Former Qualcomm Ventures executive plans $50 mn Silicon Valley-based fund2 min read . Updated: 12 Sep 2017, 06:37 AM IST
Former Qualcomm Ventures India executive Karthee Madasamy will use the $40-50 million fund to invest in early-stage start-ups
Bengaluru: The former head of the Indian fund of venture capital firm Qualcomm Ventures, Karthee Madasamy, may soon launch a new $40-50 million fund based out of Silicon Valley to invest in early-stage technology start-ups, according to three people aware of the plans.
Madasamy, who stepped down from Qualcomm Ventures earlier this year to pursue other opportunities, is in the process of finalizing the structure of the new fund and is expected to launch it over the coming days and weeks, the people mentioned above said. All three requested anonymity as these discussions are private.
“Karthee has been thinking of doing a new fund for quite some time now. His decision to move on from Qualcomm did not come as a surprise to anyone, since he had been mulling this decision for nearly a year now," said one of the three people mentioned above.
Madasamy is also in the process of putting together a team to help him manage the fund and is expected to work with executives based out of Silicon Valley, the three people said. Mint could not immediately verify whether the new fund will invest only in start-ups based in Silicon Valley or also back Indian ventures.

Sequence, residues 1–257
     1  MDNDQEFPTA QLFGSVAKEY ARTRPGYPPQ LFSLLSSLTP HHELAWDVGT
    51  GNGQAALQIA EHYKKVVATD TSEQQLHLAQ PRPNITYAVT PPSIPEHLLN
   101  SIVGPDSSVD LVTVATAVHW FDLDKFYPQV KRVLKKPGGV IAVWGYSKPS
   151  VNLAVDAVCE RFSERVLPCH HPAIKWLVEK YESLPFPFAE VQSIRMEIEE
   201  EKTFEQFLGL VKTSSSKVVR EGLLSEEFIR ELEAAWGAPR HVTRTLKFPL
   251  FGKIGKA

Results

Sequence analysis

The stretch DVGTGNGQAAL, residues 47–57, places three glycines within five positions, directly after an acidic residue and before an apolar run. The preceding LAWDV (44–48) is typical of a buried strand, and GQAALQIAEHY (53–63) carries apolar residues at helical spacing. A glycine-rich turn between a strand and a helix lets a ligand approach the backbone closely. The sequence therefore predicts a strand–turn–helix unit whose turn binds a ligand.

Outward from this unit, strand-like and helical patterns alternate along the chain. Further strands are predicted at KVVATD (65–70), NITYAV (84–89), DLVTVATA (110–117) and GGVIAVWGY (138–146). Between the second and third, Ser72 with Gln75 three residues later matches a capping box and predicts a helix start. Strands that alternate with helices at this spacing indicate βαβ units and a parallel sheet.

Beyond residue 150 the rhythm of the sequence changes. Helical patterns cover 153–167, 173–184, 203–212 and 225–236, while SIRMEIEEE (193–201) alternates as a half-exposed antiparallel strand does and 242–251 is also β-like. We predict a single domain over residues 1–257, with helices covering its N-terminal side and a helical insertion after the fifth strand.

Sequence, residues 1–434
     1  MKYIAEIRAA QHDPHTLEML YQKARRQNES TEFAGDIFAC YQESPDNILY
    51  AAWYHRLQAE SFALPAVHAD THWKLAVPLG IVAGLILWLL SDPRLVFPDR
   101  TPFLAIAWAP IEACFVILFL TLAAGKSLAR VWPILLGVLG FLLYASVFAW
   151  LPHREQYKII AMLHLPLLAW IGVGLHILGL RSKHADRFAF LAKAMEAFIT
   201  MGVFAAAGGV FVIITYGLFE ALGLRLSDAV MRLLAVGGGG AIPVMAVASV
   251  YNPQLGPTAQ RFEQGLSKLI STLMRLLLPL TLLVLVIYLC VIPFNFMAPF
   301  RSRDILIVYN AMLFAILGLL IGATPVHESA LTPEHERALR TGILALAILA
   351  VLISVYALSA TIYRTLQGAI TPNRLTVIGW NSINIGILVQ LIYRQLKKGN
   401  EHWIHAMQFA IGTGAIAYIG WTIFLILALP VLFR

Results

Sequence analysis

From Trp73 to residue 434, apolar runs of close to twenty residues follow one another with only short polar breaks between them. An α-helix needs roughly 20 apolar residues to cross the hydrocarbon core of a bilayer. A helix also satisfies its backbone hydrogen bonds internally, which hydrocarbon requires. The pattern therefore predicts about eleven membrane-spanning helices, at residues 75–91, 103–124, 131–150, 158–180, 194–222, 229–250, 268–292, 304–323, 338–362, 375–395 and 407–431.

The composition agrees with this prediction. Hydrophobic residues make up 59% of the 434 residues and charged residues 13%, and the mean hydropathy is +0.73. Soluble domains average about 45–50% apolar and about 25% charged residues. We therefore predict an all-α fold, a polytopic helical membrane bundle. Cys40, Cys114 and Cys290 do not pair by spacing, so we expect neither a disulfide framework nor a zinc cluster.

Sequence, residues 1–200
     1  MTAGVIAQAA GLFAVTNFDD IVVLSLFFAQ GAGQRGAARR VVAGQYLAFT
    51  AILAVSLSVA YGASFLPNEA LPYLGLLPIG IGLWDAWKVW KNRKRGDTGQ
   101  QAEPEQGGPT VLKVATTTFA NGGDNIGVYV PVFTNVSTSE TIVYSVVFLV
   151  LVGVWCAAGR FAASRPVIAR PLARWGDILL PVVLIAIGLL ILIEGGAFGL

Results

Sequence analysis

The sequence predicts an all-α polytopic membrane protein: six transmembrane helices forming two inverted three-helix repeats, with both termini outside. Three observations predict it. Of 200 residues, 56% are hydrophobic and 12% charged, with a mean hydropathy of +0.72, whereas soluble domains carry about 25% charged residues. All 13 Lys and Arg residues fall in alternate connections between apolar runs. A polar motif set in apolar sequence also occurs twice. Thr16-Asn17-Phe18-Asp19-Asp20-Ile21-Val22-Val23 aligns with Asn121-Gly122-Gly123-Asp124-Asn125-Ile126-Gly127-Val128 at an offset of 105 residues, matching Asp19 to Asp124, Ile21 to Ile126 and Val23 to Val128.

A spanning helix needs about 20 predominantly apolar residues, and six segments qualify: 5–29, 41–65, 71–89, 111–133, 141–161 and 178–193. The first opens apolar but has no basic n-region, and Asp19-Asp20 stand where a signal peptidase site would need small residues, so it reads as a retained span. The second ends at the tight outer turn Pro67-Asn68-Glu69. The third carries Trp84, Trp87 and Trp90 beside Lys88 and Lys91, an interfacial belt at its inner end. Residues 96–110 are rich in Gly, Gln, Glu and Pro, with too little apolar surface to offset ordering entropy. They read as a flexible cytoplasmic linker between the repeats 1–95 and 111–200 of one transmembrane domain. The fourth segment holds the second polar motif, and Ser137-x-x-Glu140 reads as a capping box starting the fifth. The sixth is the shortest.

The size of the fund indicates it will mostly do very early-stage investments from seed to Series A stages. The fund is expected to back ventures working on disruptive technologies, although the broader strategy of the fund is still to be finalized, the people mentioned above said.
Madasamy did not respond to an email seeking comment.
A former Boston Consulting Group executive, Madasamy spent more than a decade at Qualcomm Ventures. During his stint at Qualcomm, Madasamy led investments in a number of early-stage ventures such as Waze (which was eventually acquired by Google), MapMyIndia, Capillary Technologies and Portea Medical, among others.
In the past decade, Qualcomm’s India fund has backed more than two dozen start-ups, including Ninjacart, Proptiger and YourStory. Globally, Qualcomm is estimated to have an overall corpus in excess of $500 million to invest in start-ups.
After Madasamy resigned from Qualcomm earlier this year, the VC firm elevated Varsha Tagare as the new head of the $150-million India-focused fund.
Madasamy’s plans for a new fund come at a time when global investment activity is picking up momentum, after witnessing a significant slowdown over the past two years. The VC ecosystem globally and in India has been much more active this year, especially in later stages, boosted in part by large cheques written by SoftBank’s new $100-billion Vision Fund.
A number of VC firms in India that launched large new funds last year such as Accel Partners and Sequoia have also started deploying those funds for early to mid-stage bets.
A handful of new VC firms have also been launched in the past 12 months, such as Stellaris Venture Partners (formed by former Helion Venture executives), Fundamentum Partnership (promoted by Infosys co-founder Nandan Nilekani and Helion’s Sanjeev Aggarwal) and Unitary Helion (raised by Helion’s Rahul Chandra), among others.
All three of them (Stellaris, Fundamentum and Unitary Helion) incidentally are looking to raise a corpus of $100 million—a sign that investor interest in India’s rapidly-growing start-up ecosystem has not waned and is likely to stay upbeat in the near term.